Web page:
Dimension Films (owned by Weinstein) stated that the film was going to be offered on VOD for $6.99
($7.99 for 3D version) starting Friday with purchasers having 30 days to watch it.  The movie will also be rentable through Amazon Instant Video, Facebook, Google Play/You Tube, iTunes, Xbox Live, and other internet outlets

These days, for movies to go wide release (say over 1,000 cinema screens) requires a huge marketing budget and the studio needs to create brand awareness for the movie - that is why the studios love franchise films, and make endless numbers of sequels and remakes.  Don't forget, when a film is based on a comic book character, top-selling novel or play, the marketing is built in.  But for the average film the going is very tough particularly if there is no 'star' power.  Thus the day and date release strategy, which you will be seeing more and more - as the big money lies in the cable and VOD 'box office'.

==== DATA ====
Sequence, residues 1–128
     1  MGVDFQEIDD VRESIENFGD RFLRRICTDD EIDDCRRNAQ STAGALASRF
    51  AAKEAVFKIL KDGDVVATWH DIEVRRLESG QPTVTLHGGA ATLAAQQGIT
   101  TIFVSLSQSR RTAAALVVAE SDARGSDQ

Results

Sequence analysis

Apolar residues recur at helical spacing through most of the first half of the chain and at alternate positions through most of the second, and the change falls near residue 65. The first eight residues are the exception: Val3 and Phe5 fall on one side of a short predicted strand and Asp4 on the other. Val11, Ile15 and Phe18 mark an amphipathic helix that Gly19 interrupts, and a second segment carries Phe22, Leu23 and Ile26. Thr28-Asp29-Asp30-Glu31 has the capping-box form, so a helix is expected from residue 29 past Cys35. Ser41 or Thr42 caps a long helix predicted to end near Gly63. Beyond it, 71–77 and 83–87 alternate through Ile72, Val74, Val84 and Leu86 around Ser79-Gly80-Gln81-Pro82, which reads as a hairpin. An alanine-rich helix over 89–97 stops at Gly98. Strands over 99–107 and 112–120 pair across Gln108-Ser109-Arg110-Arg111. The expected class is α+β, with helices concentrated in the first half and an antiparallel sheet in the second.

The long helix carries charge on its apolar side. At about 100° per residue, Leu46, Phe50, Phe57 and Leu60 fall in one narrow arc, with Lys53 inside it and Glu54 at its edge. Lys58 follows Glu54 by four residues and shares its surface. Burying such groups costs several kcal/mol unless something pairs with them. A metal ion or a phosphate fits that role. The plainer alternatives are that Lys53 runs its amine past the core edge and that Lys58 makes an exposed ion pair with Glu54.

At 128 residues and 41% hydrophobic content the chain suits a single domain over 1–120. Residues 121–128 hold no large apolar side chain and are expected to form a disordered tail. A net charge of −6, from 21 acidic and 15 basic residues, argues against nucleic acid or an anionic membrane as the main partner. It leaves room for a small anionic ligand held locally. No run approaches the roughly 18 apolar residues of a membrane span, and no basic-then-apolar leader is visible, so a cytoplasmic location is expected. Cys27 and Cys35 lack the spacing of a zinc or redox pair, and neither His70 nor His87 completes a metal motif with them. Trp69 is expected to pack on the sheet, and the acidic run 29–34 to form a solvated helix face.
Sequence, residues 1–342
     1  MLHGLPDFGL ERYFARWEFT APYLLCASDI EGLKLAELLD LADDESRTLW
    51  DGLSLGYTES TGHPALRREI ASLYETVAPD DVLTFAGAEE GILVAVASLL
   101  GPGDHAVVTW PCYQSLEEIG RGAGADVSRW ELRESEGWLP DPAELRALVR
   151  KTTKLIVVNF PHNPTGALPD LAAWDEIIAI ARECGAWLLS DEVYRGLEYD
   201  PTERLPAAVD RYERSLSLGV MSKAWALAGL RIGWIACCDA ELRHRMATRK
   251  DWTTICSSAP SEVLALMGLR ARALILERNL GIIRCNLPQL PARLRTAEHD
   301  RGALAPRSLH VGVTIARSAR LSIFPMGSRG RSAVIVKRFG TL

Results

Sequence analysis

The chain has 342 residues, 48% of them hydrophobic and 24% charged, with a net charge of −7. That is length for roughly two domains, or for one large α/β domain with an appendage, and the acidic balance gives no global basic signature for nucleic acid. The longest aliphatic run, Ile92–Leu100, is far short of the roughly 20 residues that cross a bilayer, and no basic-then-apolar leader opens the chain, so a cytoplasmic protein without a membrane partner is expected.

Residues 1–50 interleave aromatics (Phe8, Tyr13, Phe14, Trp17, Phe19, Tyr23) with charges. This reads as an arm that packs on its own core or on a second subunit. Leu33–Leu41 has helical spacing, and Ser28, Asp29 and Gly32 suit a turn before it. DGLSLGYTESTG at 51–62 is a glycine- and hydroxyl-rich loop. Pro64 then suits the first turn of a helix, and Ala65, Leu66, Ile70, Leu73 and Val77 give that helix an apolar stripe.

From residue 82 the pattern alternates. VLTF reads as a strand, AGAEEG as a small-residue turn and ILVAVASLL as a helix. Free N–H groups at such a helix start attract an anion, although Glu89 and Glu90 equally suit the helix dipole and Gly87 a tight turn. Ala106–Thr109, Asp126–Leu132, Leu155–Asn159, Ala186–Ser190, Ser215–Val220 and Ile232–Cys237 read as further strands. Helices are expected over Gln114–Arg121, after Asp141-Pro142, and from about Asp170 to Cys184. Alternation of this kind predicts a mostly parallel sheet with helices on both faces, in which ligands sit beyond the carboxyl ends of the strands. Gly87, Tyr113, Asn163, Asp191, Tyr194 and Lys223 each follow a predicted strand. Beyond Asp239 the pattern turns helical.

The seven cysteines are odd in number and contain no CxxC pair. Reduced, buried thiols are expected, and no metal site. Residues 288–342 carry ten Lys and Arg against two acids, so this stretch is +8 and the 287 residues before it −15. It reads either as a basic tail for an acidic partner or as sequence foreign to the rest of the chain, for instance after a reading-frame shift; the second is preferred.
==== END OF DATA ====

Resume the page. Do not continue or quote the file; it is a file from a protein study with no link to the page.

However, the Piranha's  across-the-board release is the first by a major studio.  Remember last year as Universal attempted to release Tower Heist in VOD just three weeks after the theatrical release and was threatened with a boycott of the film by several exhibition circuits.  But for Weinstein, the Piranha 3DD strategy makes sense.  A sequel to Piranha 3D, released in 2010 to an underwhelming cinema box office, 3DD will probably double its production cost by going with  same day cinema -TV-internet release. And expect more of the same from studio/distributors in the future.

This day-and-date release scenario was predicted in this blog two years ago, to much ballyhoo and "no/no' finger pointing but now it has come true. 5 to 10 years from now, most movies will be released in this fashion.  It makes economic sense for the content providers to go 'really wide release' with their products and they will.

Best and Happy Movie Going!
Jim Lavorato